These results for GPM-CMB are consistent with the findings of Casella et al. (2017) who, on the basis of the evaluation of coincident CloudSat and GPM DPR observations, estimated that the DPR misses more than 90% of the snow radar echoes detected by CloudSat. This may affect DPR’s ability to detect precipitation even when the phase at the surface is rain because, as a result of ground clutter, the lowest clutter-free DPR observations might be associated with snow. Indeed, composites of precipitation liquid fraction obtained with GPM-CMB and CloudSat disagree: whereas CloudSat detects 96% liquid fraction at least at the surface in the cyclones, the liquid fraction can be as low as 30% in the GPM-CMB retrievals (not shown). Because of this issue, one would expect GPM-CMB to report precipitation less often than CloudSat. For CloudSat, the results are also consistent with the saturation issue mentioned earlier, which might explain the lower frequency of moderate precipitation for CloudSat relative to the other two datasets. To illustrate this, Fig. 6 shows where the radar attenuation occurs across all cyclones in the database and indicates a maximum occurrence of approximately 10% in the area where moderate precipitation and heavy precipitation occur, suggesting that this issue probably affects both the 0.05–1 and >1 mm h−1 categories.

Fig. 6.
Fig. 6.

Cyclone-centered composite of the frequency of occurrence of attenuated pixels in the CloudSat precipitation dataset.

Citation: Journal of Applied Meteorology and Climatology 57, 4; 10.1175/JAMC-D-17-0289.1

These differences in distribution across the three datasets might also be largely influenced by the difference in cyclone properties and sampling. So before we can draw any conclusions as to the impact of differing instrument/retrieval accuracies on the composite differences, we explore the impact of sampling.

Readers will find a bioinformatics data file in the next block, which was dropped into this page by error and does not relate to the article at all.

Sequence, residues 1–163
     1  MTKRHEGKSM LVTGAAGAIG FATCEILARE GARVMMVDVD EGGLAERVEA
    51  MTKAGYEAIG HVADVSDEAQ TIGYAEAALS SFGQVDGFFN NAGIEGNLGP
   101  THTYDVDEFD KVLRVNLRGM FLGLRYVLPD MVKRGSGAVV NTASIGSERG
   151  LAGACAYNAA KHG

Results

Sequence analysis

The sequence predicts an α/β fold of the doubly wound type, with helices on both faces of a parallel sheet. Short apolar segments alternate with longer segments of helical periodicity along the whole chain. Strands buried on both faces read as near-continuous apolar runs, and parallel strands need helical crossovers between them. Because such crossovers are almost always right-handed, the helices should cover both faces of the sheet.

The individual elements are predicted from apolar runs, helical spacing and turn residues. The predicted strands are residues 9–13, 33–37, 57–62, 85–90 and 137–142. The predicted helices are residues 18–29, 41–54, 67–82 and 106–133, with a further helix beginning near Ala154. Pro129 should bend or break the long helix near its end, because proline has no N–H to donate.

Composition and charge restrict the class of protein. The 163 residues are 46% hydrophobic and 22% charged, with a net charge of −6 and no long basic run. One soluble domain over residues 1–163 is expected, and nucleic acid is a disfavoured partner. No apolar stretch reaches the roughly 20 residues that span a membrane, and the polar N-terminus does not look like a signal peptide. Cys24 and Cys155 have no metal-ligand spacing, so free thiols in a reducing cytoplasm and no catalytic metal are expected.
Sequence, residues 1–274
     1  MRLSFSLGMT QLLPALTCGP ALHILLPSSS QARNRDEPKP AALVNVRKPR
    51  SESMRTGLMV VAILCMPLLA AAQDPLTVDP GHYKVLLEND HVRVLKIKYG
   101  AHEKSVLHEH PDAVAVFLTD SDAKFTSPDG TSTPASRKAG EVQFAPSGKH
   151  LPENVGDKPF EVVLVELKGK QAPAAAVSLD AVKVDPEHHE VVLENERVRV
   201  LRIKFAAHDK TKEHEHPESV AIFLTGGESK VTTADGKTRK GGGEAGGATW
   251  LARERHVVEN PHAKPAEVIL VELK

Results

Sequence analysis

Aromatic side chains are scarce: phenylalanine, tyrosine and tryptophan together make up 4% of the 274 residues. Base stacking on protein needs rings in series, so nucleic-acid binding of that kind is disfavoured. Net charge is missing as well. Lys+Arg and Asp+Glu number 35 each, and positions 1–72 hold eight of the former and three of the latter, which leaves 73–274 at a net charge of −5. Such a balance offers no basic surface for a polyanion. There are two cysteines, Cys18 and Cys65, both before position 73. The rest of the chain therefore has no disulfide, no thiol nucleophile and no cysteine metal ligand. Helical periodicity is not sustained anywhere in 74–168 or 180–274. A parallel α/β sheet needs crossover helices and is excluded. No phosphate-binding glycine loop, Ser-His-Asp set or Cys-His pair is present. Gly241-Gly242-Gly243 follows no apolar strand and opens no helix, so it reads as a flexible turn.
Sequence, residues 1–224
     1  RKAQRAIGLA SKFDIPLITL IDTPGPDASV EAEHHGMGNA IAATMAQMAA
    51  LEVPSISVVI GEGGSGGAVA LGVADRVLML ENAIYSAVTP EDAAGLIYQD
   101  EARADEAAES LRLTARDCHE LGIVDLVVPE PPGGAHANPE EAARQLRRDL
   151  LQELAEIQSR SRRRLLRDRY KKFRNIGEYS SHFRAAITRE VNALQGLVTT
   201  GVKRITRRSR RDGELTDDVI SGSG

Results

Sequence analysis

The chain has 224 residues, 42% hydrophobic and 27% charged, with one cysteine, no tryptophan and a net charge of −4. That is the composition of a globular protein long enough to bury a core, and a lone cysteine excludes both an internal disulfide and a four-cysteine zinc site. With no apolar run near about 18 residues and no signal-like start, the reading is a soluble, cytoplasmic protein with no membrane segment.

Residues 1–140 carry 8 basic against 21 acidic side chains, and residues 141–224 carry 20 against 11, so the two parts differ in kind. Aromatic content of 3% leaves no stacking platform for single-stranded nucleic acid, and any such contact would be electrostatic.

c. Uncertainties caused by differences in sampling of the cyclones

All three datasets cover different periods of time, sample each cyclone with differing coverage, and do not sample the same number of cyclones. Here we examine the impact of these differences on the composites. To do so, we use the MERRA-2 surface precipitation because 1) it is global and 2) it covers a longer period than IMERG does. We sample MERRA-2 precipitation as if it were observed by either one of the GPM or CloudSat platforms by selecting MERRA-2 grid cells along their respective swaths.

The first test is to establish the effect of interannual variability on the precipitation composites, and we compare the composite of MERRA-2 precipitation obtained for 2014–16 with the one obtained for the full 2006–16 period. Figure 7a indicates that the largest difference in composite between these two periods is found in the area near the center of maximum precipitation. It also reveals that this difference is less than 0.06 mm h−1. Because this difference could be caused by the differing length of the two periods and associated difference in sample size, we also compare the MERRA-2 composites obtained for 2010–12 with 2014–16. Figure 7b shows a difference in MERRA-2 composite of a similar magnitude, suggesting that the difference obtained in Fig. 7a has more to do with the choice of 2014–16 than the duration of the period. These two plots suggest that GPM-CMB and IMERG could be slightly overestimating near the center relative to other datasets because of the period that they cover. Such epochal variations are relevant when comparing these observed datasets with a free-running GCM, for example.